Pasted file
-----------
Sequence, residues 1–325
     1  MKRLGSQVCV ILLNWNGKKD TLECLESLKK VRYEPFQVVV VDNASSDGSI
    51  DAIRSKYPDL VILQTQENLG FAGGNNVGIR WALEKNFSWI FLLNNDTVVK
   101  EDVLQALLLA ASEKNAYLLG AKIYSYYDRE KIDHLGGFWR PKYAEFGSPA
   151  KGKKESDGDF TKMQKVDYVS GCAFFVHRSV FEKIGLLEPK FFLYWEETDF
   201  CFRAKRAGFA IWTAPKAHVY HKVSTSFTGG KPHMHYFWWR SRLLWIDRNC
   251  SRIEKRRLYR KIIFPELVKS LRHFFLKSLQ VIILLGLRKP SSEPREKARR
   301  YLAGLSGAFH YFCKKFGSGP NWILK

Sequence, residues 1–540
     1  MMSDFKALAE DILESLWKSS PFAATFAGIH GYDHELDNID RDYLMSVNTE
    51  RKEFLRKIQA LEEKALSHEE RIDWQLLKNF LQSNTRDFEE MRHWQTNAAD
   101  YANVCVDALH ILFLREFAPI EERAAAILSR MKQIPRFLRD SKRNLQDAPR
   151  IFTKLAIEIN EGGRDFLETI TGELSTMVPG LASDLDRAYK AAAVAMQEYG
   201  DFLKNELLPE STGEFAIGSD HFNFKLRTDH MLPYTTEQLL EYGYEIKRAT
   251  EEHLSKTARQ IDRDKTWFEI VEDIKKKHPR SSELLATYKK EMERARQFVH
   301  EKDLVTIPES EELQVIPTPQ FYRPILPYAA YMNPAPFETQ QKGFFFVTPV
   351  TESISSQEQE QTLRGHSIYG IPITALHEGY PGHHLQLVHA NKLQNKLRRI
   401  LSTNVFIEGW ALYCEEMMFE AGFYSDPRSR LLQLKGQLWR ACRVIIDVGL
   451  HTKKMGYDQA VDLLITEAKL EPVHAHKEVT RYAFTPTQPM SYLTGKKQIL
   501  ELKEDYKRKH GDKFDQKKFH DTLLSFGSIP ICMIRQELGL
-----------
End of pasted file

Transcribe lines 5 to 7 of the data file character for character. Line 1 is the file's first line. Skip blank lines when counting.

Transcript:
   151  KGKKESDGDF TKMQKVDYVS GCAFFVHRSV FEKIGLLEPK FFLYWEETDF
   201  CFRAKRAGFA IWTAPKAHVY HKVSTSFTGG KPHMHYFWWR SRLLWIDRNC
   251  SRIEKRRLYR KIIFPELVKS LRHFFLKSLQ VIILLGLRKP SSEPREKARR